U.S soldiers kneel in front of the helmets of fallen soldiers Spc= Donald L. Wheeler and Spc. James Powell on Thursday, Oct.16, 2003, during a memorial ceremony in Tikrit, Iraq.
Five millennia ago, it was the law in Athens to honor those who sacrificed their lives fighting for their country. Pericles’ funeral oration, his immortal tribute to the dead of the Peloponnesian war, did more than pay homage to the fallen. It defined the obligations of citizens living in a democracy, to recognize and to take full measure of the sacrifices offered by the dead. This speech lives today as one of the finest examples of oratory in the tradition of western civilization.
Lincoln embraced this obligation of the living to the dead in the eloquent words that form and frame the Gettysburg Address: “We here highly resolve that these dead shall not have died in vain; that this nation, under God, shall have a new birth of freedom; and that government of the people, by the people, for the people, shall not perish from the earth.”
President Reagan embodied the tradition when he placed himself among the caskets of the 241 marines killed in Beirut, and gave voice to the nation’s sorrow when the Challenger was lost. For President Clinton, it was his appeal to the American people, in the words of St. Paul, to “let us not be overcome by evil, but overcome evil with good,” in his tribute to the victims of the bombing at Oklahoma City.
While interpreting the meaning of sacrifice in the service of one’s country has been the work of statesmen since Athens was a city-state, President Bush has chosen a different course.
Although he has spoken in general terms of the loss and sacrifice of our brave men and women in the wars of Afghanistan and Iraq, he has not attended even one burial. His administration has barred still photography and broadcast coverage of our soldiers’ caskets arriving at the Charles C. Carson mortuary in Dover, Delaware. The day that the Chinook helicopter was downed in Iraq, and sixteen soldiers were killed, their loss was never mentioned by the commander-in-chief who sent them into battle.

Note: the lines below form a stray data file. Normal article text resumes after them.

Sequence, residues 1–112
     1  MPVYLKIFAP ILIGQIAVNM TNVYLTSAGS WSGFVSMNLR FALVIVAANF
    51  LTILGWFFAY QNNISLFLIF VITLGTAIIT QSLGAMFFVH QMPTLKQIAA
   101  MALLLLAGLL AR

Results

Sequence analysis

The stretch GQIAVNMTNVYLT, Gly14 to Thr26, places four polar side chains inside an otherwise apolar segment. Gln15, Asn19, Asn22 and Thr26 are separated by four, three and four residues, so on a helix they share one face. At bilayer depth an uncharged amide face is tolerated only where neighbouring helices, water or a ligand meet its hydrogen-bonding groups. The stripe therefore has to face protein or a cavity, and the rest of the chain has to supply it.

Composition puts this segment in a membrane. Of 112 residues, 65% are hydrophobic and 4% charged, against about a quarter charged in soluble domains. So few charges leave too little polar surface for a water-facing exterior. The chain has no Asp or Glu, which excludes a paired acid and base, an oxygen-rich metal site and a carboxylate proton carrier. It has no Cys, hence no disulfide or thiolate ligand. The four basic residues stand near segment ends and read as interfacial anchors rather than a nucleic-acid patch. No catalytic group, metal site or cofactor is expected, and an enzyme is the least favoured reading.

Why does the president appear to hold the casualties of Iraq War at arm’s length?
It’s easy to impute a political calculation to these decisions, but it is also worth pausing to calculate the cost to the president – and to all of us – of his choice to withdraw from the field of grief.
The White House says that, since the President cannot attend all the funeral services for soldiers killed in Iraq, and there are many, that he would slight most families by appearing at graveside to comfort only one.
But a single appearance by the president, capturing the emotions every American feels, would remind all bereaved families that their fallen men and women were revered as heroes by their countrymen. It would strengthen the moral legitimacy of the president’s leadership, because the commander-in-chief must be seen as understanding the consequences of his decisions, and that not every soldier whom he calls to war will return safely home.
Finally, it would give him a platform to remind the nation that the war on terrorism will command the nation’s blood and treasure for a long time, and to ask our people for their continued support.
Leadership demands that our president pay tribute to the heroism of soldiers in war, and define the meaning of sacrifice for all of us. A plain-spoken president can say a lot and gain a lot by connecting the conduct of his office to this oldest and most eloquent rhetorical tradition.